The Importance Of Disobedience In Uncle Tom's Cabin

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“Uncle Tom´s Cabin” is a profound novel in American literature and history because it brought forward a new ideology with regard to the national view on slavery, and change the cruel system that treated black people as property. This epic making narrative was seen as an inspiration for humankind because it set the grounds for the American Civil. Its author, Harriet Beecher Stowe (1811-1896), published the text in March 1852 as a response to the “Fugitive Slave Act” that had been passed two years earlier, and in which it was considered a criminal act to help or aid any escaping slave; this brought great outrage among the citizens and transformed the novel into the most prolific anti-slavery text in American history. The foregrounding for the novel´s narrative framework is constructed with the help…show more content…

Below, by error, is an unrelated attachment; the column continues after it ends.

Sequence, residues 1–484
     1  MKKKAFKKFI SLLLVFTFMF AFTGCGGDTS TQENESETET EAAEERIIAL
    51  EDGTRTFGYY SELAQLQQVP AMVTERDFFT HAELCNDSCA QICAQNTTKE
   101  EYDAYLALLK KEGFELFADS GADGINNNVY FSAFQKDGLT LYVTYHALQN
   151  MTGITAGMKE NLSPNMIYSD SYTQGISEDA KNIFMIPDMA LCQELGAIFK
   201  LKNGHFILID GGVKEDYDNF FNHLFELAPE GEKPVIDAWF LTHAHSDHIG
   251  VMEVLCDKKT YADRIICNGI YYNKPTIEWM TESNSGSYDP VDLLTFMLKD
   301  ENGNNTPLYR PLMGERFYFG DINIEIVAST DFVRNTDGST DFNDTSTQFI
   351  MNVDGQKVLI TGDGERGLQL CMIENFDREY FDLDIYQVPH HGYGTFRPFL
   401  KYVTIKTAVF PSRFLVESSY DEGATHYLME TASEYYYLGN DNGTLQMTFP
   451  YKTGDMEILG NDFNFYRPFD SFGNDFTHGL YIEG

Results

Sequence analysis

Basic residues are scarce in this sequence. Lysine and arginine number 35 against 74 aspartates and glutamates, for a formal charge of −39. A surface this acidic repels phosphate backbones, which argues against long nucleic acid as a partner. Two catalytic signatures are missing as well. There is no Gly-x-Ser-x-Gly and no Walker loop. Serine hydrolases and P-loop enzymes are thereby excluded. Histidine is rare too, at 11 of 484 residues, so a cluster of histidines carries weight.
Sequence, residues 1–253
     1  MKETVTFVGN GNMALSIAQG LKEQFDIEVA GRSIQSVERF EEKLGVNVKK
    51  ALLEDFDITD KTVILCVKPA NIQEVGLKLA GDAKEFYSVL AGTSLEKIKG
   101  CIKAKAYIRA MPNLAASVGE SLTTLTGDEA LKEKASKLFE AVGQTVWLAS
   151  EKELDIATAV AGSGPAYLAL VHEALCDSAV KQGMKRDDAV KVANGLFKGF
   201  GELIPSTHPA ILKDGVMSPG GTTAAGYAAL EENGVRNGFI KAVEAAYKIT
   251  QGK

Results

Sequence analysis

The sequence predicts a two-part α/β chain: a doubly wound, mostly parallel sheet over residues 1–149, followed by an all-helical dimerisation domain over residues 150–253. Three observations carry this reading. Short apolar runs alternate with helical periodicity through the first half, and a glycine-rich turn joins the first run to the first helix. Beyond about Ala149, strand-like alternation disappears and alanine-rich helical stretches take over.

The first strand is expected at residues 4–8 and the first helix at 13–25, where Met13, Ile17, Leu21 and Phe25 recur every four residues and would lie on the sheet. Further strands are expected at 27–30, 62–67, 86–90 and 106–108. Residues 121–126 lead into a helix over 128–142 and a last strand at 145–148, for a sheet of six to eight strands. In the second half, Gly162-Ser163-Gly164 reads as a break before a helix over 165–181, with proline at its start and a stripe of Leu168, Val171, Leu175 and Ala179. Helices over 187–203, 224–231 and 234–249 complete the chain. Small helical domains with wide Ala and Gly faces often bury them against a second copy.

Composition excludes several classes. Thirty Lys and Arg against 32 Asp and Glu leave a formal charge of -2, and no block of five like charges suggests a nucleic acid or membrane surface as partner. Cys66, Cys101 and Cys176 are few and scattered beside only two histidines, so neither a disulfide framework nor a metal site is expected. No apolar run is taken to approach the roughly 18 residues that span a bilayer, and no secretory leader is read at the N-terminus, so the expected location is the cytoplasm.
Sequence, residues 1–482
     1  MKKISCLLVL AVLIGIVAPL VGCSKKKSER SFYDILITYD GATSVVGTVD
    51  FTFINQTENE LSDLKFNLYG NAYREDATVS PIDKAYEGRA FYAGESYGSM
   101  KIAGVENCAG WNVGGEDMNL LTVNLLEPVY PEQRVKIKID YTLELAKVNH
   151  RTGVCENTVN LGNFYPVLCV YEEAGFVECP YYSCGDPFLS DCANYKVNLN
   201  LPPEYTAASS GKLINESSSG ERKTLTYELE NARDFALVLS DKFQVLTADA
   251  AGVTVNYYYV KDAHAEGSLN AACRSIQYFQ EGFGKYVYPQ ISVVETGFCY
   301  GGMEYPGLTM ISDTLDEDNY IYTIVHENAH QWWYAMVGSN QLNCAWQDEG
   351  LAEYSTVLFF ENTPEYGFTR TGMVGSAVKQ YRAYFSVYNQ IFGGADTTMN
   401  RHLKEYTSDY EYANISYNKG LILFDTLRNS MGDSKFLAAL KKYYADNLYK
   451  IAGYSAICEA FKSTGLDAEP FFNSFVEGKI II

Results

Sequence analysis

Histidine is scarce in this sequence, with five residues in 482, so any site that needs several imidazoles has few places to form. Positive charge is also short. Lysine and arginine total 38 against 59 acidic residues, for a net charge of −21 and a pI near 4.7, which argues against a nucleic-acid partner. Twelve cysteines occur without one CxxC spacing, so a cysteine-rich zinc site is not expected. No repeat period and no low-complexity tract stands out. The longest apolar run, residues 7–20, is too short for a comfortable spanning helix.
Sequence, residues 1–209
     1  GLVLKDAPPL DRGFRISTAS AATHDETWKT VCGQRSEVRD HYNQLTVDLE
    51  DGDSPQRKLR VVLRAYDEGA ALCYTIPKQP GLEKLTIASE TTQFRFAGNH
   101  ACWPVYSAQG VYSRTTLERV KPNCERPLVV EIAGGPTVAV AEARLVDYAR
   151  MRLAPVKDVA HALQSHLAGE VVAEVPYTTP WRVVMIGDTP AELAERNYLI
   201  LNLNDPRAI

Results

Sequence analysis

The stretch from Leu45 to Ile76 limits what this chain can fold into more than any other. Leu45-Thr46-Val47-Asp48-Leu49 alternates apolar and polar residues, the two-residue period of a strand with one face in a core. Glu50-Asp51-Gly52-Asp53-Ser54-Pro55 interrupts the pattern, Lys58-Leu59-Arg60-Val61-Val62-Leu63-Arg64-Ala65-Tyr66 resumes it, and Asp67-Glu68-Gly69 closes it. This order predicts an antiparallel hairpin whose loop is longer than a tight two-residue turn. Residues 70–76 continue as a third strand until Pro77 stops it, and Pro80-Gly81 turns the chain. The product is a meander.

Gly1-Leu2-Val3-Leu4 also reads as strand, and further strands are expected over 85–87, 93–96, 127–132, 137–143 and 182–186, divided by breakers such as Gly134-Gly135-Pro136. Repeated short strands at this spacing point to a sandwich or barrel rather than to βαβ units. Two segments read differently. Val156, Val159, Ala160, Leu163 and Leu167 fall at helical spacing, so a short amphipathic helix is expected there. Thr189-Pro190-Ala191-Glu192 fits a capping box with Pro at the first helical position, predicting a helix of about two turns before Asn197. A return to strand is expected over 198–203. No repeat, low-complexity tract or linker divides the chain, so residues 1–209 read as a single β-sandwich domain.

This was the solution that black people found so as to obtain their freedom, and in this fragment of Stowe´s narrative it is best portrayed by both George and his wife Eliza. George´s disobedience came as the result of the repeated beating and hatred received, so that made him question his master and his own position in life as being a slave: “And who made him my master? […] what right has he to me? I am a man as much as he is. I´m a better man then he is. I know more about business than he does. I am a better manager than he is, I can read better that he can. I can write a better hand. […] and now what right has he to make a dry-horse of me?- to take me from things I can do, and do better than he can, and put me to work that any horse can do?”(1674). After constant attacks the only resolution for a better life that George could think of was to run away: “So Eliza, my girl, […] bear up, now; and good-by, for I´m going”(1676), or to die trying: “I won´t be taken, Eliza; I´ll die first! I´ll be free, or I´ll
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